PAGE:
Science At Play: Sense Games

So our five senses are touch, sight, smell, sound and taste. We use our senses every day, but how good are your senses? Andrew and Nate are here to show you some simple games you can try with your family and friends at home to test your senses. Let’s get started!

Materials to Collect

Sound Game: 

  • An even number of small, opaque containers
  • Small objects, (beans, buttons, thumbtacks, erasers, etc.)


Scent Game:

  • Essential oils, scented candles, perfumes, or food
  • Blindfolds


Try it!

Sound Game:

  1. Set up the game by filling the opaque containers with small objects. There should be two containers half full of each object, (e.g. two containers of buttons, two containers of beans, two containers of thumbtacks). Make sure all of your containers are filled to the same amount – you don’t want one container half-full and one only a quarter full.
  2. Challenge your family or friends to try to find the matching objects just by shaking the containers by listening to the sounds. 
  3. Remember: no peeking until you are ready to check your answers


Scent Game:

  1. Either drop essential oils onto cotton balls, or grab some scented candles, perfume, or food and blindfold your game contestant. 
  2. Challenge your family or friends to identify the smells without using their other senses. (This is where the blindfold comes in. The contestant will need to be blindfolded if you are using something that they could identify with their eyes).
  3. If they are struggling to identify the smell, give them 4-5 options of what it could be and see if that makes it any easier.


What is the Science? 

Our senses almost always work together to help us experience our world and stay safe. Honing in on one sense can make a seemingly easy task, like telling the difference between beans and buttons, suddenly much more difficult. Even though objects like beans and buttons look very different and taste very different (don’t eat buttons), they are both small and hard. This means that when you are shaking them in a container and relying on your sense of hearing, they can be hard to tell apart.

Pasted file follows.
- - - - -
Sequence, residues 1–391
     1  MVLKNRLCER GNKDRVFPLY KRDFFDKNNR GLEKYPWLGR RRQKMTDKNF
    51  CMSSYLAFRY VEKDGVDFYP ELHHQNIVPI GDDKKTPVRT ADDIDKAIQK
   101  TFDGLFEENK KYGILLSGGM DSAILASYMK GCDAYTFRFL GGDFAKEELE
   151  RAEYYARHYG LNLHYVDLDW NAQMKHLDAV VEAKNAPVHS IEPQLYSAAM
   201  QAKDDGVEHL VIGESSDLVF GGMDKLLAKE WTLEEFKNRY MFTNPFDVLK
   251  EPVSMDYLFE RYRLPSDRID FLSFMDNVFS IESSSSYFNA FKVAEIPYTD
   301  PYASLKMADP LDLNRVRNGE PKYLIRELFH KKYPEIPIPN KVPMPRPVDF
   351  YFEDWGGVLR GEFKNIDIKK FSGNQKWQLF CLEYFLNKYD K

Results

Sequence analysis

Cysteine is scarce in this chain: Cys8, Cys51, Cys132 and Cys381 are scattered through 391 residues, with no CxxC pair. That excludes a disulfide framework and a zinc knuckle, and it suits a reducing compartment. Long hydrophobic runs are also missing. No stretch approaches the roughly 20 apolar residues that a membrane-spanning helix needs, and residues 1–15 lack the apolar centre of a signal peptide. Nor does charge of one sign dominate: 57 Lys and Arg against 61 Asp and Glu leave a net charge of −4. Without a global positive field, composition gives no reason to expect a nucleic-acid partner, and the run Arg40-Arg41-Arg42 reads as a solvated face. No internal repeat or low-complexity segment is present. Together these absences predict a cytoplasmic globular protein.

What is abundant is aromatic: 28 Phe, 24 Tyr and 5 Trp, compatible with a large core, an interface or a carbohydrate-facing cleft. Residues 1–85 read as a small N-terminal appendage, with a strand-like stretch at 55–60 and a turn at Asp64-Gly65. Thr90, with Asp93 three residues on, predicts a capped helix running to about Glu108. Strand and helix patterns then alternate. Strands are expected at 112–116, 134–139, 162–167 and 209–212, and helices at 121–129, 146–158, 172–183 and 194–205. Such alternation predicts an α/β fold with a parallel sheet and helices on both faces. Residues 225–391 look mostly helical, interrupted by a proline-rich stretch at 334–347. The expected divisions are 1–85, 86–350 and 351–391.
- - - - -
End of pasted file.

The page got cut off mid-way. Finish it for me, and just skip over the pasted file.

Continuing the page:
Studies have shown that humans can differentiate between 1 trillion different smells! Humans can have incredibly rich ‘smell histories’ in their memory. When you are asked to identify a smell with no other context, your brain is trying to match that smell against every other smell you have identified before. This can be really tough! It becomes a lot easier when you have options to choose between. Sometimes it can be hard to name a smell specifically, but it can remind you of a particular time or feeling. Our sense of smell is deeply tied to our emotion and memory.


Ask Your Young Scientists

  • Which sounds are really easy to figure out? Which ones are harder? Why do you think some are harder to figure out than others?
  • Can you think of other objects that would be hard to tell apart from each other just using the sound?
  • Can you think of some smells you smell all the time? Do you think it would be easier or harder to figure out these smells if they were part of the game?
  • Pick a smell you know really well. Can you describe it to me without telling me what the smell is from? Do you think I can guess it?
  • Was it easier to identify the smell if you were given some choices?


More to Explore

Try different objects or smells in your hearing and scent games. Try a game where a blindfolded friend has to hold their nose and try to identify Lifesaver or Starburst flavors without their sense of smell. You might be surprised to find out how much some of our senses rely on some others!

You can also create a similar game using your sense of touch. Blindfold your contestant and have them try to identify objects using just their sense of touch.

Try a touch game by putting different grits of sandpaper in order from smooth to rough while blindfolded.

Put different items from around the house (or outside) in a box and have someone try to guess what it is just by touching it.

For more senses activities, check out these sites:


If you are interested in your sense of smell, check out this Ted Talk:




We want to see what you try at home. Share your experiments with us on social media by using the #ScienceAtPlay and tagging @CTScienceCenter.


Andrew Fotta is a STEM educator at the Connecticut Science Center. He has currently holds a CT teaching certification for grades K-6, and has spent time in the classroom in nearly all grades, and taught middle school science. In addition to teaching classes for the Science Center, Andrew is also part of a team of educators currently creating new programs aligned with the new Next Generation Science Standards for grades PreK-9. Andrew is an avid photographer, who enjoys blending science and art in his work.


Nate Gagnon is a Public Programs Educator at the Connecticut Science Center. In his role he creates exciting educational programs and demonstrations that highlight science and STEM careers. You can find him in our galleries with fun activities that you and your family can enjoy.


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